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Coherent single-photon emission from colloidal lead halide perovskite quantum dots

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Science  08 Mar 2019:
Vol. 363, Issue 6431, pp. 1068-1072
DOI: 10.1126/science.aau7392

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Perovskite quantum emitters

The development of many optical quantum technologies is dependent on the availability of solid-state single quantum emitters with near-perfect optical coherence. Light-emitting defects in diamond and quantum dots grown by molecular beam epitaxy have demonstrated transform-limited emission linewidths. However, they are limited in terms of production scalability and reproducibility between individual emitters. Utzat et al. now show that perovskite quantum dots can overcome these limitations and provide unprecedented versatility for the generation of indistinguishable single photons or entangled photon pairs for quantum information processing.

Science, this issue p. 1068

Abstract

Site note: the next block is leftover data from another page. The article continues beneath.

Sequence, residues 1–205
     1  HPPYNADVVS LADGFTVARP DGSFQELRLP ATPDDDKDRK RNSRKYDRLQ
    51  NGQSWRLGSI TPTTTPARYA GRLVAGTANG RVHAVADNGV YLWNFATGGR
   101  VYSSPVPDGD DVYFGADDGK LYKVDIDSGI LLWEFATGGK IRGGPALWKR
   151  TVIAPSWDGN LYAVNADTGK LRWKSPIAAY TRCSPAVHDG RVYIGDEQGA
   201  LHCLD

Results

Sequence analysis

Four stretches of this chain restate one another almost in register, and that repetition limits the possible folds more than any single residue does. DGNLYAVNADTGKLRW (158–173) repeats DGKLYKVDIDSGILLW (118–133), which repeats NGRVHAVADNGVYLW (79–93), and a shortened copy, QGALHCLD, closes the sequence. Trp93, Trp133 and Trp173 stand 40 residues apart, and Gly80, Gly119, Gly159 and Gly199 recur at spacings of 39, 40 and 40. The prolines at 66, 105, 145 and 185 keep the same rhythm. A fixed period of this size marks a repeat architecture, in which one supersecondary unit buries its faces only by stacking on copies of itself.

Chemically made colloidal semiconductor quantum dots have long been proposed as scalable and color-tunable single emitters in quantum optics, but they have typically suffered from prohibitively incoherent emission. We now demonstrate that individual colloidal lead halide perovskite quantum dots (PQDs) display highly efficient single-photon emission with optical coherence times as long as 80 picoseconds, an appreciable fraction of their 210-picosecond radiative lifetimes. These measurements suggest that PQDs should be explored as building blocks in sources of indistinguishable single photons and entangled photon pairs. Our results present a starting point for the rational design of lead halide perovskite–based quantum emitters that have fast emission, wide spectral tunability, and scalable production and that benefit from the hybrid integration with nanophotonic components that has been demonstrated for colloidal materials.

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